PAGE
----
- Well would it have been for the Christian world, if all the fol. lowers of Augustine had imbibed from his writings a temper as meek and humble as that of Bradwardine! A predestinarian in theory, he undoubtedly was. But what was the practical efficacy of this ingredient in his divinity? We may read the answer to this question in the following words : “ Why do we fear to preach the doctrine of predestination of saints, and of the genuine grace of God? Is there any cause to dread, lest man should be induced to despair of his condition, when his hope is demonstrated to be founded on God alone? Is there not much stronger reason for him to despair, if, in pride and unbelief, he founds his hope of salvation on himself?" Whatever may be the merits of the predestinarian doctrine, as tried by the principles of sound philosophy, or by the language of Scripture, one thing, at least, is certain,—that the Church might regard it with comparative tranquillity, if its fruits had always been as mildly flavoured as those which it produced in the good and honest heart of this holy man! Uncharitable austerity and spiritual arrogance are the plants which are apt to thrive in the soil of what is now called Calvinism. But this was a growth which could not live in the soul of such a being as Bradwardine. As an adversary of Pelagins, he denounced the freedom of the human will; but it is obvious, after all, that his warfare, in reality, is not against the perfect free agency, but against the selfsufficiency of man.' pp. 76, 7.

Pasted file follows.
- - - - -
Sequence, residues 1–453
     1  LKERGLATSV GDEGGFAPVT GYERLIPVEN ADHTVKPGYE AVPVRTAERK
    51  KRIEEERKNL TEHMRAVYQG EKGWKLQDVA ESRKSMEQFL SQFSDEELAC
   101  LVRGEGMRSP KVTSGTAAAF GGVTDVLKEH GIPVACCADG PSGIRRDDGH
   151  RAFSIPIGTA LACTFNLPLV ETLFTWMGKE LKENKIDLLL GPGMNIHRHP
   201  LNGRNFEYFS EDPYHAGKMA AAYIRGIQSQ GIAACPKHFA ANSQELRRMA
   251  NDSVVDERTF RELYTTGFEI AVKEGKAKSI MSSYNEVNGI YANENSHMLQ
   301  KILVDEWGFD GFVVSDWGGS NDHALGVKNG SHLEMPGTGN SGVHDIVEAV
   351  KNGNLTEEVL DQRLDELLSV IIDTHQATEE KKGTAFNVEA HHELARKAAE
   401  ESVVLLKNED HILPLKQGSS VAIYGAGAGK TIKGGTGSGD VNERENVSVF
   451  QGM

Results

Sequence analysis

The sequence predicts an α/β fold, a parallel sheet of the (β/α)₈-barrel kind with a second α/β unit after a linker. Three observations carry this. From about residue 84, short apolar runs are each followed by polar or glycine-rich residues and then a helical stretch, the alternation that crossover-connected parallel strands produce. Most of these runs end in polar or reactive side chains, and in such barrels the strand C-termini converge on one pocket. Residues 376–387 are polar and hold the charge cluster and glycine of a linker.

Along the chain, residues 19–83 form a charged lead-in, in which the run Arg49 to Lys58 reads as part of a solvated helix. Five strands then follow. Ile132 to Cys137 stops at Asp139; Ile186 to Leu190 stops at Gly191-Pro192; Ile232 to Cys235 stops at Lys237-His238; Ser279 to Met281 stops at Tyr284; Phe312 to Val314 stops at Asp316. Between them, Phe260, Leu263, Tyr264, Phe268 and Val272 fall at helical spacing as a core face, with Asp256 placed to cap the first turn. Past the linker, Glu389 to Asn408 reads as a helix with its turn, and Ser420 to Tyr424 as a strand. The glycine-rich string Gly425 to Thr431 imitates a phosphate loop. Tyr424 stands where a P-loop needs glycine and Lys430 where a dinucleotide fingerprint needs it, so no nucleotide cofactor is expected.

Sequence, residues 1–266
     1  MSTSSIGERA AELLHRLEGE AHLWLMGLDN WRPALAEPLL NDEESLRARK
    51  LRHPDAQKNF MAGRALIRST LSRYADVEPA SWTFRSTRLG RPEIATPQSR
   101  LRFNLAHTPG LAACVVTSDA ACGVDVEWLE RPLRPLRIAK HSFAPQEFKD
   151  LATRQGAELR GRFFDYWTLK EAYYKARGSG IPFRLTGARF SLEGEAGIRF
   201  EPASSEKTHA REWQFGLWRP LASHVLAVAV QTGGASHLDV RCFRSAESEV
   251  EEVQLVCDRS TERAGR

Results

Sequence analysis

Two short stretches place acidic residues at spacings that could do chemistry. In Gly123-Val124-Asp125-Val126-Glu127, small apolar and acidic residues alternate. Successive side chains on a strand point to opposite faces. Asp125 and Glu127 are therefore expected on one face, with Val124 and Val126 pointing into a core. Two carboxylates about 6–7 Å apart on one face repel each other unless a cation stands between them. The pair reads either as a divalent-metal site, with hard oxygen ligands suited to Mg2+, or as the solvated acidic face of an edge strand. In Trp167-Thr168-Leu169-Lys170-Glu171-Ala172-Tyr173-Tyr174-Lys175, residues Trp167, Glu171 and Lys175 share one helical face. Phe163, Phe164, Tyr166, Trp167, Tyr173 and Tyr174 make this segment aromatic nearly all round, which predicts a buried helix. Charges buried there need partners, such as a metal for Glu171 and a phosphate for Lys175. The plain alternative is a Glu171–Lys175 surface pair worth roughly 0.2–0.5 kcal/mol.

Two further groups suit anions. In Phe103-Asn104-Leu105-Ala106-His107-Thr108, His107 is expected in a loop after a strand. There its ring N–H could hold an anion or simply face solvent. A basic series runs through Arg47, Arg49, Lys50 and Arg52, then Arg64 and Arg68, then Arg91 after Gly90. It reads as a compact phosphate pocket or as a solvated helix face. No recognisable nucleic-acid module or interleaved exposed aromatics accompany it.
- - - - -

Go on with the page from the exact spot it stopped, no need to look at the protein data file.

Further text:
This passage, which we suppose we must receive as a concession from a non-Calvinist, bears the stamp of most amiable candour. Yet, is it possible that Professor Le Bas can be so little acquainted with what is now called Calvinism', as not to know that he has most truly described it, when he says of Bradwardine's theology, that it wars not against the free agency, but against the self-sufficiency of man? We would willingly believe of Professor Le Bas, that, as Whitfield is reported to have remarked of La Flechiere, he is a Calvinist, and does not know it.' He must be, in some sense, a believer in predestination, as having subscribed to the xviith Article. A few other indications of obscure theological notions have surprised us: for instance, the nice and impalpable distinction intimated at p. 33, between witnesses of the truth and authorities for it. We had supposed, that no higher authority than that of a witness could be claimed by any church; and that the only decisive authority recognized by Protestants, was the Bible. We had imagined too, that the

sanctity of apostolical succession’ was conveyed by the transmission of apostolic doctrine, not by ecclesiastical genealogies * which minister questions', or by 'sacerdotal rank', -an exVOL. VII.-N.S.

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pression essentially anti-Christian. But these are high matters, which we cannot now enter into ; and we must take our leave of this volume, with cordially recommending it to all those of our readers to whom Mr. Vaughan's Memoirs are inaccessible, or who, possessing them, wish to have the biographical matter lucidly compressed in an unbroken narrative, very vigorously and beautifully written.